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Wellness, Innovation and Learning

Research-Based Innovation & Parent Education

Established in 2016, The Center for Wellness, Innovation and Learning (CWILTM, pronounced "quill") at The Independence School supports the needs of the whole child.

CWIL’s team approach addresses not only academic progress but also motor, language, cognitive, emotional and physical development, as well as health. This allows Independence to provide a program that holds the full interests of the students at heart, both in and out of the classroom. Parent education, research, and evidence-based practices form the foundation of the center’s work. CWIL’s mission is to ensure that Independence students truly develop into independent, intellectually curious individuals.

Connecting research in mind, brain and education science to classroom practices is our goal, whether we are considering curriculum changes, teaching approaches, or even classroom furniture!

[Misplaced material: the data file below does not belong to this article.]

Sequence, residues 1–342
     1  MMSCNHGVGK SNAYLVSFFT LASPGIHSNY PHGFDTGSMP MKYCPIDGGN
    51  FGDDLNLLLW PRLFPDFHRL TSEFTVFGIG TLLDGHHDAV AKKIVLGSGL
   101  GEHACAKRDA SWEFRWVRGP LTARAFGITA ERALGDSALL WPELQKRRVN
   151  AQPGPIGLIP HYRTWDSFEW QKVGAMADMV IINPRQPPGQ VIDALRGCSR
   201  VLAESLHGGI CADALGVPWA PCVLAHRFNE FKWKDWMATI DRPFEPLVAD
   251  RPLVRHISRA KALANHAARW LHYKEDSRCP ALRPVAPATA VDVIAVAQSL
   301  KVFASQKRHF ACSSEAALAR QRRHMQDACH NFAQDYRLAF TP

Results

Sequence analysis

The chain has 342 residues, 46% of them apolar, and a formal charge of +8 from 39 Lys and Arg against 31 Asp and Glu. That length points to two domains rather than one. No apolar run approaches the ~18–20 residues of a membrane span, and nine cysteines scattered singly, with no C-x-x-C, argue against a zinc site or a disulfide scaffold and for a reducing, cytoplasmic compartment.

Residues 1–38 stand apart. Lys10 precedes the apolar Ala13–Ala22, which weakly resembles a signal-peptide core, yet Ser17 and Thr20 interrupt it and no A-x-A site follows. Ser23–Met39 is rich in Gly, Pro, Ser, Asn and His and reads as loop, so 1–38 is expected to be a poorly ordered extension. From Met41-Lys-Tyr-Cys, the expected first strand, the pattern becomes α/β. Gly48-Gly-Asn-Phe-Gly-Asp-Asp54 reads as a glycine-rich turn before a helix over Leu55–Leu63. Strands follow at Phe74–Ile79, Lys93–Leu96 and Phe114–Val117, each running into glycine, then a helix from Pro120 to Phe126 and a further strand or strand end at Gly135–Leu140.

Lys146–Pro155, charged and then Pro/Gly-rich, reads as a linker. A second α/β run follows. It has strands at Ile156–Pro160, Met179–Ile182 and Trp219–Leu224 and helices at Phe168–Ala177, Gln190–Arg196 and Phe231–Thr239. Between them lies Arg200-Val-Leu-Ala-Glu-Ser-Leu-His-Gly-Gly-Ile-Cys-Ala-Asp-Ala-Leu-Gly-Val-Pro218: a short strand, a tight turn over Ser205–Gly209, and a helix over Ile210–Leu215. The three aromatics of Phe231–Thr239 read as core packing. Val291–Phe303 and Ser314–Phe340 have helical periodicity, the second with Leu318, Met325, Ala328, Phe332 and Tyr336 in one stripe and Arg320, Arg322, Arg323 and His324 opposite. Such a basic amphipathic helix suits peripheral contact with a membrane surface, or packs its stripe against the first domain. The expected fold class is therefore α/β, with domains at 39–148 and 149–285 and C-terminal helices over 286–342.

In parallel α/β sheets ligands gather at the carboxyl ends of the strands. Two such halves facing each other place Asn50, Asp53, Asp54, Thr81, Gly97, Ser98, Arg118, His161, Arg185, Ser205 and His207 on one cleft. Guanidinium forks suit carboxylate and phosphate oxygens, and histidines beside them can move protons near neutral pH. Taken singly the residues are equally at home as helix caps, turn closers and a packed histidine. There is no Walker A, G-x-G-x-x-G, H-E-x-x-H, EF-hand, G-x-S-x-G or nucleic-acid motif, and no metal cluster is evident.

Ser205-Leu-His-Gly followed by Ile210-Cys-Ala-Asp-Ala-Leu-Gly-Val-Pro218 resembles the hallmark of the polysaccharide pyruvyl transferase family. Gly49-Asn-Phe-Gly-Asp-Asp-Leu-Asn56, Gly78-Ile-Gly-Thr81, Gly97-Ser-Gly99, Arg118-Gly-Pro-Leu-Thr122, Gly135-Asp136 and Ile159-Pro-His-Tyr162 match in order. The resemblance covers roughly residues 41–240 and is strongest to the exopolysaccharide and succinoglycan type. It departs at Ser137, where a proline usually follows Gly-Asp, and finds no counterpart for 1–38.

Victoria Yatzus
Head of School

Indy Insights

Board game

Besides the obvious family bonding experience and the noteworthy combat for fighting off boredom during those long summer days and nights, board games have a notable underlying superpower.  Did you know that playing board games contributes to the development of literally all of the Executive Functioning Skills your child needs throughout their lifetime? 

Girl with water sample

If you are a curious parent reading about elementary school-age education, you might be surprised to encounter the term “critical thinking” in online blogs or magazine articles. Critical thinking for young children? While critical thinking is often considered the domain of higher education or even secondary school, it turns out that the need to develop critical thinking skills in children at an early age is important to lifelong learning, academic confidence, and success.

Displays of Road to Reconstruction Maps

Regardless of social factors like geography, socio-economic background, or the type of school you attended as a child, almost each of us can relate to days in the classroom spent learning information until it was time to take “the test” on it.  But brain research is changing education and offering new alternatives to student assessments.